Traffic has dropped 50 percent across the state and nation, oil prices have collapsed and state transportation departments relying on fuel taxes are losing revenue – but the Connecticut Department of Transportation isn’t cutting back on any projects just yet. Transportation officials in states across the country – including Missouri, North Carolina, Ohio, Oklahoma and Pennsylvania – are already scaling back planned highway projects or furloughing workers as they expect more people staying home will mean less revenue from key sources of funding, including the gas tax.  Connecticut Department of Transportation Spokesman Kevin Nursick said the state hasn’t cutback yet.

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Friday Marks Start of Ramadan for Muslims Across Coastline Connecticut

Muslims across Connecticut begin fasting for Ramadan with sunrise on Friday, and congregations, communities, and businesses around the state are grappling with how to celebrate a holy month imbued with a communal spirit at at time when mosques and most other public spaces are closed to slow the spread of the coronavirus. “This will be the most unique Ramadan of our lifetimes because none of us have lived through this and we hope that we don’t have to again,” said Imam Omer Bajwa, Muslim chaplain for Yale University. Abdul-Rehman Malik, a journalist and guest lecturer in Islamic Studies at Yale

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Across Connecticut Towns Choose Options for Local Tax Relief

Municipal governments across Connecticut have until Saturday, April 25 to choose one of two local tax leniency programs mandated by Governor Ned Lamont in executive orders signed on April 1 and April 9. The two options, one a tax deferment program and the other a low interest program, would apply to local tax property taxes and many other levies typically collected by local government between March 10 and July 1 of 2020. Local Government Tax Program Clinton Low interest rate Deep River Low interest rate East Lyme Deferment Essex Low interest rate Lyme Low interest rate Old Lyme Low interest

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Testing Key for Task Force Advising Lamont, “Small Steps” Beginning in June Continuing until the New Year

State officials say that a massive expansion of testing capability in Connecticut will be needed before lifting restrictions put in place to slow the spread of the coronavirus, but Governor Ned Lamont today announced the first steps toward reopening the state, including an advisory group to develop a strategic plan by May 20. “The most important objective or goal for this initial step when we think about reopening Connecticut is really increasing the capacity of testing for COVID-19,” said Dr. Albert Ko, an epidemiologist at Yale School of Public Health and co-chair of the new advisory group.  Ko explained that

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Masks the Latest Mandate Of 28 Executive Orders Since March 10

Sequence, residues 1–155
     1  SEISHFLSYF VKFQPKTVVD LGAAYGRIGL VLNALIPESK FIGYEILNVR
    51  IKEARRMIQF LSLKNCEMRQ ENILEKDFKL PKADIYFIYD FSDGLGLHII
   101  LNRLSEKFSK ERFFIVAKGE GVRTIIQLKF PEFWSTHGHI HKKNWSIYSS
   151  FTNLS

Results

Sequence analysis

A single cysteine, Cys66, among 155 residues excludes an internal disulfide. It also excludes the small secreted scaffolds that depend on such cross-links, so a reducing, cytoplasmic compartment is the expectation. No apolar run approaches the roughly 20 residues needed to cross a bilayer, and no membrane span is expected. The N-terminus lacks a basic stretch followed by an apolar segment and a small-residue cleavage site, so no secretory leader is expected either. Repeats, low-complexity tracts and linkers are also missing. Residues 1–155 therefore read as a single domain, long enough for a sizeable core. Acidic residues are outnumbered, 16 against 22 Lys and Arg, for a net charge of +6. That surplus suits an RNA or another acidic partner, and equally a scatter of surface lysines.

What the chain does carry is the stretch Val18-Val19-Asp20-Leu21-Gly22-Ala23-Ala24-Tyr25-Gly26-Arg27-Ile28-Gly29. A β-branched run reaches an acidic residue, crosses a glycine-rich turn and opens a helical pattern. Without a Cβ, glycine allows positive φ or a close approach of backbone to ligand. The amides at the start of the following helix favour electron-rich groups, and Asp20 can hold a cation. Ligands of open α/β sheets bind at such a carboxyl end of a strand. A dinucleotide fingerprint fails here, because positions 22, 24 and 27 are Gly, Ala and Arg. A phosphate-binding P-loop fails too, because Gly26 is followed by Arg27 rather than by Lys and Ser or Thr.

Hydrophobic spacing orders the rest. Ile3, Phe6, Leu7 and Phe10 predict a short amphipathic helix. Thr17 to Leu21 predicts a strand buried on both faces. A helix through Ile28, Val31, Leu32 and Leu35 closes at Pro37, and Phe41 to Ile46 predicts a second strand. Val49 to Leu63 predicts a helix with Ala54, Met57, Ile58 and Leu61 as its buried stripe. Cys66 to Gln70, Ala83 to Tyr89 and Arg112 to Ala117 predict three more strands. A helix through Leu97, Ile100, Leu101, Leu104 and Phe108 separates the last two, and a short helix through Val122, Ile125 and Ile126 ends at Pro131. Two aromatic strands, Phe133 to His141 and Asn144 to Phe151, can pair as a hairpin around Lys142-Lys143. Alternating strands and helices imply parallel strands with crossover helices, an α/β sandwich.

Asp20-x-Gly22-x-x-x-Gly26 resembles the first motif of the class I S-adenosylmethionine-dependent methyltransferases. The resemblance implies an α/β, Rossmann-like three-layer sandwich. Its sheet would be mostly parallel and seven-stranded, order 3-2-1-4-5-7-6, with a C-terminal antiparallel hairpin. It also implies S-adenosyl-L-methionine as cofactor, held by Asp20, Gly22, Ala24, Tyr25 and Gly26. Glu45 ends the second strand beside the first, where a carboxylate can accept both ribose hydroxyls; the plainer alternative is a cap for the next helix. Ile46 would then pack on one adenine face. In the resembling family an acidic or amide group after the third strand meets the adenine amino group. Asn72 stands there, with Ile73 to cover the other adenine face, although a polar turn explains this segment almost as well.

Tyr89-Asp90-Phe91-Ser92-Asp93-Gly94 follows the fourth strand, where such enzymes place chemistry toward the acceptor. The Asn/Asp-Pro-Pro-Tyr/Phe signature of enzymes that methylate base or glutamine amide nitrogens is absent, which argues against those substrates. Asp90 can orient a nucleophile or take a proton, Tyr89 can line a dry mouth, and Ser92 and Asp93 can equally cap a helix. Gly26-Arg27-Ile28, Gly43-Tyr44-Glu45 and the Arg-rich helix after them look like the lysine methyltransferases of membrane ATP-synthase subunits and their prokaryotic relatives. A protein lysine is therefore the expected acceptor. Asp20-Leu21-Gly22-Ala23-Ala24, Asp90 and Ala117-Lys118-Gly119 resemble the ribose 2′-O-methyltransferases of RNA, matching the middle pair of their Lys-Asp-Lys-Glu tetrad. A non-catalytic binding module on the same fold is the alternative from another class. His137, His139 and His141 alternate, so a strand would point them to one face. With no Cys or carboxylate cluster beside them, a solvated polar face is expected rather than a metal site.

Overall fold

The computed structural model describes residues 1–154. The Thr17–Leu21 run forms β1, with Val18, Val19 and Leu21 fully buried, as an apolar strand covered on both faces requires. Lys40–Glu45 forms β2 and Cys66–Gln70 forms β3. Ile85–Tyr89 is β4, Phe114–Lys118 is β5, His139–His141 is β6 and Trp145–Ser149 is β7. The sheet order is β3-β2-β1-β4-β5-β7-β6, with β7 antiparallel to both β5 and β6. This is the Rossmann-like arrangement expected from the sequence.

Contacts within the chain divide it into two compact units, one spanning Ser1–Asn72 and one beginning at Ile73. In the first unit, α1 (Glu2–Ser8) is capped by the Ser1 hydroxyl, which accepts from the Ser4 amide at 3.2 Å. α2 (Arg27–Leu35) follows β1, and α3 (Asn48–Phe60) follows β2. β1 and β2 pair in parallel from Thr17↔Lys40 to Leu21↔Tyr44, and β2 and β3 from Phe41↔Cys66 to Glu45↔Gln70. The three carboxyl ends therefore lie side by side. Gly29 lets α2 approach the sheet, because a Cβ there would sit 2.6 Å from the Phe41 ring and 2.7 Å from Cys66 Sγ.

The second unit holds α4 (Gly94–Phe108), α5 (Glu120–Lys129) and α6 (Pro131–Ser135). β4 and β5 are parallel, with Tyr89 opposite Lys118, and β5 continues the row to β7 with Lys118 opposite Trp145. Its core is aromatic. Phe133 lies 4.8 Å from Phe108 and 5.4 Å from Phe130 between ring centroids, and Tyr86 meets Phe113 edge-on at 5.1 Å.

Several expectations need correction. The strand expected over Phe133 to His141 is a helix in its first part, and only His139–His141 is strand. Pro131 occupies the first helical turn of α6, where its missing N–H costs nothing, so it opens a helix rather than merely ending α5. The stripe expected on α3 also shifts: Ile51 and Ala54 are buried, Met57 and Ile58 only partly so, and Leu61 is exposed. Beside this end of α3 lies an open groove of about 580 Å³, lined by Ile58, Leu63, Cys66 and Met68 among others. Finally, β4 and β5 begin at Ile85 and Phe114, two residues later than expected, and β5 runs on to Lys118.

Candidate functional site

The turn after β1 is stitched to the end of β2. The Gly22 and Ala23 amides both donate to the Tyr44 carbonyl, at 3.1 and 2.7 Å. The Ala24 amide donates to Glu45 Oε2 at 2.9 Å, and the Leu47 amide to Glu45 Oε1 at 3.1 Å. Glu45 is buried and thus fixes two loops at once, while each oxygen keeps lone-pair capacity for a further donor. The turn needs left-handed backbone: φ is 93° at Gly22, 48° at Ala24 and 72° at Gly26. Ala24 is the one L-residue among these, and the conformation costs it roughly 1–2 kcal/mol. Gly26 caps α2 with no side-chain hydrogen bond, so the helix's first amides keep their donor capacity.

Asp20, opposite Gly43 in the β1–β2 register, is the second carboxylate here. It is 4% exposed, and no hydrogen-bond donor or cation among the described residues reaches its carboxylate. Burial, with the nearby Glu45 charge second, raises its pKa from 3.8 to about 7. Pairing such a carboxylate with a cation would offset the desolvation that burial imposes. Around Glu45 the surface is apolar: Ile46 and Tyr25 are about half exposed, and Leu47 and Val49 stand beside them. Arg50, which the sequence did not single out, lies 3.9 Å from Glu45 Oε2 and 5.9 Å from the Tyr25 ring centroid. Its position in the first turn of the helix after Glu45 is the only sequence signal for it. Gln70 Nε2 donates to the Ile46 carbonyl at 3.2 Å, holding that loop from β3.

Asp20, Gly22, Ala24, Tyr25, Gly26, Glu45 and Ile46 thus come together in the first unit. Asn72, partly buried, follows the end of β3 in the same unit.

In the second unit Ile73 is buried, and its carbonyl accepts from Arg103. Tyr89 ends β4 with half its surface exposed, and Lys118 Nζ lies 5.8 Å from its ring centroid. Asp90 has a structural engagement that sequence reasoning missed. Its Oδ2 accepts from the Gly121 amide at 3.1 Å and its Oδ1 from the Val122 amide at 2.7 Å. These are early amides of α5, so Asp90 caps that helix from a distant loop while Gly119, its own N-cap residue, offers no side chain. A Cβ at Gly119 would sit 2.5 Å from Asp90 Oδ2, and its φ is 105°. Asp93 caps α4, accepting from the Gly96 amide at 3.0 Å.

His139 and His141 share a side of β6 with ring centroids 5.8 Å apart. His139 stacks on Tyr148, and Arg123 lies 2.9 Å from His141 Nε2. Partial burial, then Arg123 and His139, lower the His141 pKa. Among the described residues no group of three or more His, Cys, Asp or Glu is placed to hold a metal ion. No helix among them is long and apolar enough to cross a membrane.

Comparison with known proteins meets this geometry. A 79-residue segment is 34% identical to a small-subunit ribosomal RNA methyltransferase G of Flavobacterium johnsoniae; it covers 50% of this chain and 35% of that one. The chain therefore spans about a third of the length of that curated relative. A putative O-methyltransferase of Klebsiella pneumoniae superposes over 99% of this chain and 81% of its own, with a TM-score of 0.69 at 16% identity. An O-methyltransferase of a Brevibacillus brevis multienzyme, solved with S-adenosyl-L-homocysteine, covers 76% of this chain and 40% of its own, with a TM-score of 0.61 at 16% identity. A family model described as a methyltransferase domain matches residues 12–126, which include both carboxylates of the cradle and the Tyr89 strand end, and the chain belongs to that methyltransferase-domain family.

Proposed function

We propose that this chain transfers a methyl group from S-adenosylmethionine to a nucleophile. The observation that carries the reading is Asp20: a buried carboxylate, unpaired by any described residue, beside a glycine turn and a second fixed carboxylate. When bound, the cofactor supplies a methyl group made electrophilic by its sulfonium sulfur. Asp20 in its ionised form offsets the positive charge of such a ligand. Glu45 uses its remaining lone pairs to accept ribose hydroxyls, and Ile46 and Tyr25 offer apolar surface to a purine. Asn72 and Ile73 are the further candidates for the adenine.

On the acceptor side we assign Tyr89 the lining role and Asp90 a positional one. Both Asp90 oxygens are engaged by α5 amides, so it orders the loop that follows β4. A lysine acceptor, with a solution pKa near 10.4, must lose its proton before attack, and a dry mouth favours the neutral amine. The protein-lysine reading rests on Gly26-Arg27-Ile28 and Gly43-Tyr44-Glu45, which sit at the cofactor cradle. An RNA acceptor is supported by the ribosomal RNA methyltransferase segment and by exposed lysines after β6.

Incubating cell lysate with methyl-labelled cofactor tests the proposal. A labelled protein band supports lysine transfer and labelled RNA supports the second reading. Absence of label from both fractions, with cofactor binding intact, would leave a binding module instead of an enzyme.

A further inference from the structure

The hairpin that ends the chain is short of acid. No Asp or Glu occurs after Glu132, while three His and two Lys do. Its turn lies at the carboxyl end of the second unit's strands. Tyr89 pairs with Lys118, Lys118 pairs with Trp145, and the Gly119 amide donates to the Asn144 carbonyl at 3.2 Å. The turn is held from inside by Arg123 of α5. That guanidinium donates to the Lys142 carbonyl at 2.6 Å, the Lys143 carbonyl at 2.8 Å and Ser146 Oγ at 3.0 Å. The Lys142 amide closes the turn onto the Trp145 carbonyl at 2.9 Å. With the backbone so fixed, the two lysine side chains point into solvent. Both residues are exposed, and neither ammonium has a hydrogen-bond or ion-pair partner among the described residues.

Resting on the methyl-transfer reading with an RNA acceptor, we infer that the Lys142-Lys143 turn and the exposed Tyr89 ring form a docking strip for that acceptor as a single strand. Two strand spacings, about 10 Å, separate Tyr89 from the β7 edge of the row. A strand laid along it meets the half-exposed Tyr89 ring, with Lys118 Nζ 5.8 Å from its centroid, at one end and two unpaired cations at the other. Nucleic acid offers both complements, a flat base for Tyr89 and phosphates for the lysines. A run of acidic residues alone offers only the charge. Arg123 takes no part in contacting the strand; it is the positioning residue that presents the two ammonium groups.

Effective Monday night, Gov. Ned Lamont has ordered all Connecticut residents to wear masks or similar protection in public and shared spaces unless prevented by medical or equivalent reasons. This mandate is included in the 28th executive order issued by the governor since declaring a state of emergency across Connecticut on March 10, in the process radically altering business and daily life in the state in an effort to prevent the spread of the coronavirus. Last month, the governor ordered the cancellation of classes at all public schools effective March 17, and more recent orders have extended that closure until

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As Prices Spike Tong Fields Complaints for Price Gouging in Wake of Coronavirus

“We’re seeing it everywhere. It’s not just consumers going to their local store, but also hearing about it and seeing attempts to charge businesses, and in particular hospitals, more for things including masks and personal protective equipment. But, it’s really, really important that people understand that not every price increase is price gouging,” said Connecticut Attorney General William Tong, by phone on Wednesday. As of April 15, Tong’s office had received 520 complaints concerning 288 businesses in the state and has sent letters of inquiry to 215 of the businesses, including “several to Amazon and eBay retailers, and another 44

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Under Governor’s Order, Towns Offered Two Programs for Local Tax Leniency

Given the coronavirus and economic downturn, all of Connecticut’s 169 municipalities have options for making local tax collection more lenient for local residents by taking advantage of one or both of two options laid out in Governor Ned Lamont’s executive orders on April 1 and April 9. “We do believe a great majority of people will be paying their taxes on time and that’s important for cash flow reasons for the town, but we do know and recognize that there are those who are having economic difficulty,” said Mark Nickerson, first selectman of East Lyme. The East Lyme Board of